Zeke passed away in December of 2009. I wrote this at the time…
I am having a very hard time reconciling our recent loss. I am finding it very hard to deal with. I can find none of the usual comforting “reasons”. I am at a total loss to explain, if only to myself, and to my heart and soul, the reason why Zeke was taken from us, his family, his home, and this world.
I have lost my share of pets. A few from my earliest childhood, I honestly only vaguely remember. I fully understand there is a price to pay for having them in our lives. For having the joys of their love, comfort, trust and companionship. They do not live nearly as long as we do, and there comes a time, inevitably, when we must let go, thank them for what they have unselfishly given us, and say a final goodbye.
That time, when it comes, is never easy. But, we normally have the comfort and solace of knowing a reason why, and most often time to deal with, and prepare for the final consequences.
Perhaps they were old, they had lived a normal, full and rewarding life, now they must move on. I get that, I can deal with that. It is, in fact, the way it is meant to be. We may not know why, but we can accept that it is a part of life. We cannot, and perhaps should not, change it.
Or, they acquired a disease. It happens with animals as it does with people. But these diseases have always proven to me, at least, to be longer term affairs. I think that may be part of the grand plan. To give us some time. In that interim, our hearts get solace while waiting for the inevitable by caring for and nurturing them during their illness. For someone who is doing this, that care is perhaps most important. We are helping them keep the illness at bay, and although the disease will win eventually, we can fight the good fight, and prove our love for them, and commitment to them, while doing it.
Even though I have never lost a pet to an accident, even then, I think I would comprehend, and eventually accept. Accidents do happen. They are the wild card of life. While I know I cannot possibly understand the horror of losing a pet this way, I do think I could find some meaning somewhere, and from that, at least a degree of understanding.
Even if we had done something wrong, exposed him to a toxin, neglected his care, even then, I would at least have a reason. I would be able to turn my regret and remorse inwards, upon myself, and find a way to deal with the loss as a part of my fallibility. We are not perfect, and it is at least possible to reconcile events with our intentions.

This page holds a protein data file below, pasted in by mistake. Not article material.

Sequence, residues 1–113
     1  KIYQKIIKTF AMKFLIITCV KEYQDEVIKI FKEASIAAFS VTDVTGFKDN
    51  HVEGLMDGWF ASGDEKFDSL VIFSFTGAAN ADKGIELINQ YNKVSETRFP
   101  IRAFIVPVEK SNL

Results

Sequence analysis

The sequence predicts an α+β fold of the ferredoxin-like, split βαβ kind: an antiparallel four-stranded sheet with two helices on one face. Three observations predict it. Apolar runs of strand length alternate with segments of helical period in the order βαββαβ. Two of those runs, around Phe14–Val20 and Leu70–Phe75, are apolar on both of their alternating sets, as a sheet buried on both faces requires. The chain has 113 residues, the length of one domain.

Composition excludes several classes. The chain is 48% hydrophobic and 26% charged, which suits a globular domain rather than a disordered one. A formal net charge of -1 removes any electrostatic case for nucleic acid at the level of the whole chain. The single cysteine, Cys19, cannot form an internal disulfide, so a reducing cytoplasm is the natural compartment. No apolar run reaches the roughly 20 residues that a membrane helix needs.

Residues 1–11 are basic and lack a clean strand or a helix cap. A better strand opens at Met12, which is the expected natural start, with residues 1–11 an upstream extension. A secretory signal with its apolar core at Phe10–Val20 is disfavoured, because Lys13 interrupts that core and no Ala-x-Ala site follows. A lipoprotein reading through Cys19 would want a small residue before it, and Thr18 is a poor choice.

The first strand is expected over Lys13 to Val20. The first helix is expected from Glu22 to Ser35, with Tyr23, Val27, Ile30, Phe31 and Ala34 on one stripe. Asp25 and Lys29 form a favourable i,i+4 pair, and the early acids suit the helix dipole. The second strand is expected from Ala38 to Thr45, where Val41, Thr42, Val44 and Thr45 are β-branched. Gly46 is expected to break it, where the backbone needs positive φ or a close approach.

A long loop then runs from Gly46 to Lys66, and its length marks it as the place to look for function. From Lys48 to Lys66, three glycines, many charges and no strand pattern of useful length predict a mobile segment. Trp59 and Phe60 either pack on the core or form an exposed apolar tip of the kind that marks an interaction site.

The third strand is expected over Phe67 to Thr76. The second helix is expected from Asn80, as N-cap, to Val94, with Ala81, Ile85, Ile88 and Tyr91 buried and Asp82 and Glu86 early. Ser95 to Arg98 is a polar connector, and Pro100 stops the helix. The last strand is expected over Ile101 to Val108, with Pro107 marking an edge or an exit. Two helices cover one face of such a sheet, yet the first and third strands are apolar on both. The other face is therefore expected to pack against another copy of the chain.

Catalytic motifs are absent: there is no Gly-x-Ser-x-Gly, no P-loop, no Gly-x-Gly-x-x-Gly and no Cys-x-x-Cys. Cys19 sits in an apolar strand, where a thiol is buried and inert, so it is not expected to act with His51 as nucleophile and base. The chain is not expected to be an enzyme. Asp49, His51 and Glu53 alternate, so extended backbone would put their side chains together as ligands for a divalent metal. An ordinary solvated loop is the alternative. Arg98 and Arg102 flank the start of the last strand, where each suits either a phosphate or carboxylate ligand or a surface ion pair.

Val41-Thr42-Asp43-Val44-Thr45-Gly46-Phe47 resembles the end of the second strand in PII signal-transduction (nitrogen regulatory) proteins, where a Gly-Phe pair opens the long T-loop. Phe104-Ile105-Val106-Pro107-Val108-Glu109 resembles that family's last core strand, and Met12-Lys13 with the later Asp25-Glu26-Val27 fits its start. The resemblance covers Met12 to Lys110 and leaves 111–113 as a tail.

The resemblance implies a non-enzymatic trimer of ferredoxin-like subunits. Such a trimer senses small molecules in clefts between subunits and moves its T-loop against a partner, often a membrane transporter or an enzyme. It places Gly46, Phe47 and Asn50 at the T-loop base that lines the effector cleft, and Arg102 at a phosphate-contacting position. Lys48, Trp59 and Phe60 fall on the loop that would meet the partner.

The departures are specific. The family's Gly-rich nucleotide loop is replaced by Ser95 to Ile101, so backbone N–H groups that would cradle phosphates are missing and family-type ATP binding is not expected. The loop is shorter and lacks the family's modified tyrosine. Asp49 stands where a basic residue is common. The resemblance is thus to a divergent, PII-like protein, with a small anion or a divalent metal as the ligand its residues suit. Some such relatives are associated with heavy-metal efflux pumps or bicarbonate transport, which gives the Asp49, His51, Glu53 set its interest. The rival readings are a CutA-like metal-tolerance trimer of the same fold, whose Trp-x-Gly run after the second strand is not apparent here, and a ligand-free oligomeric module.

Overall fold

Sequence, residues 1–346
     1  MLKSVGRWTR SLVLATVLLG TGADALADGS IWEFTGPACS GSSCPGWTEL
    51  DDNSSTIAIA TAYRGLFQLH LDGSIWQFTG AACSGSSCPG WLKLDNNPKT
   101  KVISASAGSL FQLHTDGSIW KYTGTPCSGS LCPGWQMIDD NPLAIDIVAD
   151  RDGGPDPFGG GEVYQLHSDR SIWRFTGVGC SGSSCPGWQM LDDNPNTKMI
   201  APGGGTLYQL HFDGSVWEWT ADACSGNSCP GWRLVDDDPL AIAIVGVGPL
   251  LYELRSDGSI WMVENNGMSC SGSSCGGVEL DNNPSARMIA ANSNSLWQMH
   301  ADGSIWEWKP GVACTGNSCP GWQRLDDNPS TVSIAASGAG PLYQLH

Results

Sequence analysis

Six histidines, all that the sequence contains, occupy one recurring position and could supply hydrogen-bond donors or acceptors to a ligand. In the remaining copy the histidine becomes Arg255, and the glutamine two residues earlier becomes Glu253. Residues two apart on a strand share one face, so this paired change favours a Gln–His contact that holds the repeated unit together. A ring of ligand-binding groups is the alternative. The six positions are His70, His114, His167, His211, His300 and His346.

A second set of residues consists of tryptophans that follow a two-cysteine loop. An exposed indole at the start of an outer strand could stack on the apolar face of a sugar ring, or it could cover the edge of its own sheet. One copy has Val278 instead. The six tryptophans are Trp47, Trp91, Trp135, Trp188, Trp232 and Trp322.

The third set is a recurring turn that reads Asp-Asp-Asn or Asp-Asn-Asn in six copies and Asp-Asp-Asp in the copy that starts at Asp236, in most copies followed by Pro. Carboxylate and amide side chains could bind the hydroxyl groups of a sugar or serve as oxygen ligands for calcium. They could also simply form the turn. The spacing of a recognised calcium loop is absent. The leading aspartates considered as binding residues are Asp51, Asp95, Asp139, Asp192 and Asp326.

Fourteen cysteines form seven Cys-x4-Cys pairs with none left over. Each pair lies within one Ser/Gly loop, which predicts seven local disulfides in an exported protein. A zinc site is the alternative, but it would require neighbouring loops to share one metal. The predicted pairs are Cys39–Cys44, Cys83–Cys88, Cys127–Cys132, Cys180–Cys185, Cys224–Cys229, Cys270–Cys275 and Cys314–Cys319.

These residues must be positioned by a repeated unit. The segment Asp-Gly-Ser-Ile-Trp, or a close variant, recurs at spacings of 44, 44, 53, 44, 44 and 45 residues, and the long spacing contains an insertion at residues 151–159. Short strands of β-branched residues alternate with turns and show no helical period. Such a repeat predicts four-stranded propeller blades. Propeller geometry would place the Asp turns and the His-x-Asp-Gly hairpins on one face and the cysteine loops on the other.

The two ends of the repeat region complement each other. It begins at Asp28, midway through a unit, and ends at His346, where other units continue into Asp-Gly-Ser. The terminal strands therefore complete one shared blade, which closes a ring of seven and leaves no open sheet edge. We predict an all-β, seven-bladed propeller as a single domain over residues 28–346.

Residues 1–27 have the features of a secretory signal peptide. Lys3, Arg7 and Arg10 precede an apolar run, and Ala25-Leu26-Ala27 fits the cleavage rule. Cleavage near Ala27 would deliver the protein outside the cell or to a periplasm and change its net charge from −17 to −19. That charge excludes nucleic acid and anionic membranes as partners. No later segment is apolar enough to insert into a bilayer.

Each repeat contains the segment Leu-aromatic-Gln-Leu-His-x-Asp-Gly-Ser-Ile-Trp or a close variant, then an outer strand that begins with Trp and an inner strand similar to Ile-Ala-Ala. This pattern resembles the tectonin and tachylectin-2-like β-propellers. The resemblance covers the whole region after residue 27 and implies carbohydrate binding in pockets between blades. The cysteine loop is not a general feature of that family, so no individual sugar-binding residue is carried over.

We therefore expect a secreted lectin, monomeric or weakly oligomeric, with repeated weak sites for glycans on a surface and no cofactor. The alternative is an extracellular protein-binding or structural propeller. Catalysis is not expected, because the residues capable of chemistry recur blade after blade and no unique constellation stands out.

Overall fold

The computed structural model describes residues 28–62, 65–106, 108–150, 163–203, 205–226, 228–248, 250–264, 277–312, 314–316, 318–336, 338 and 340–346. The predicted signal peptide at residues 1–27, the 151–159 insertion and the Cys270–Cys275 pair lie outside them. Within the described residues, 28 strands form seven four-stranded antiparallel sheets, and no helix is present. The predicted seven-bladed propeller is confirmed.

These are all coping mechanisms that are as applicable to humans as they are to animals… After a loss of either one we all need to find some reason, some purpose, for the loss. Only then can we move through our grief and emerge back into normal life.
I have yet to find any such reason for Zeke. The mechanism was wrong, the time was wrong, and the end came entirely too abruptly, and amid too much hope.
Zeke was innocent. He was no trouble. He was happy, content, and entirely unaware of the horror that awaited. He was in the prime years of his life. He was active, fun, compassionate, and truly one of a kind. We loved him dearly, as we do all our four legged family. I have found since his loss that even though he was more in the background than any of the others, his was a large presence in this home. His disappearance has left a gaping wound for all of us. One that will not heal easily. The others, of course, notice his absence. Animals grieve also. I see it in all of them. I worry now about Zoomy. Zoomy was Zekes special friend, and Zoom Zoom has now taken to wandering the house aimlessly… Looking for someone who should be there. I hope Zoomy recovers, and I am sure he will, but it is also heartbreaking to see him, and the others, experience the sudden loss of a good friend and family member. It is made worse because they know not why, only that Zeke is suddenly gone from their lives.
And, it is also made worse, as it so often is, because we had to remove Zeke from his family, friends and warm home, and leave him in a strange place – the Vet. It was necessary, but. He probably spent the last hours of his life afraid, alone, and knowing something was very wrong. He may have thought we abandoned him in that strange place. I hope he knew we still cared. We were called by the vet, and got there for his last moments. I hope he was not too gone to know we were there. Watching his last painful breaths, watching the light go out of his eyes, watching his body go limp. I hope he knew how much we loved him. I hope he knew we did not desert him. I hope he knew we were there. I hope he knows how very much he is missed. My fear is, he didn’t. Maybe that is part of what I cannot handle?
Perhaps against the background of all the other things that are going wrong in our lives, the grief that has ensued has experienced a multiplying effect. It has been a tough year. It is going to get tougher, and there is no relief apparent on the horizon, we have little to be happy or joyous about. What joy we do get has come from the love, devotion and companionship of our family – our four legged family. That family is now one person smaller.
I now look around our home, and I want to call his name, I want to know where he is, that he is safe, happy and secure. Indeed I have called his name, many, many times, and he has not come back.
And, I do not know why.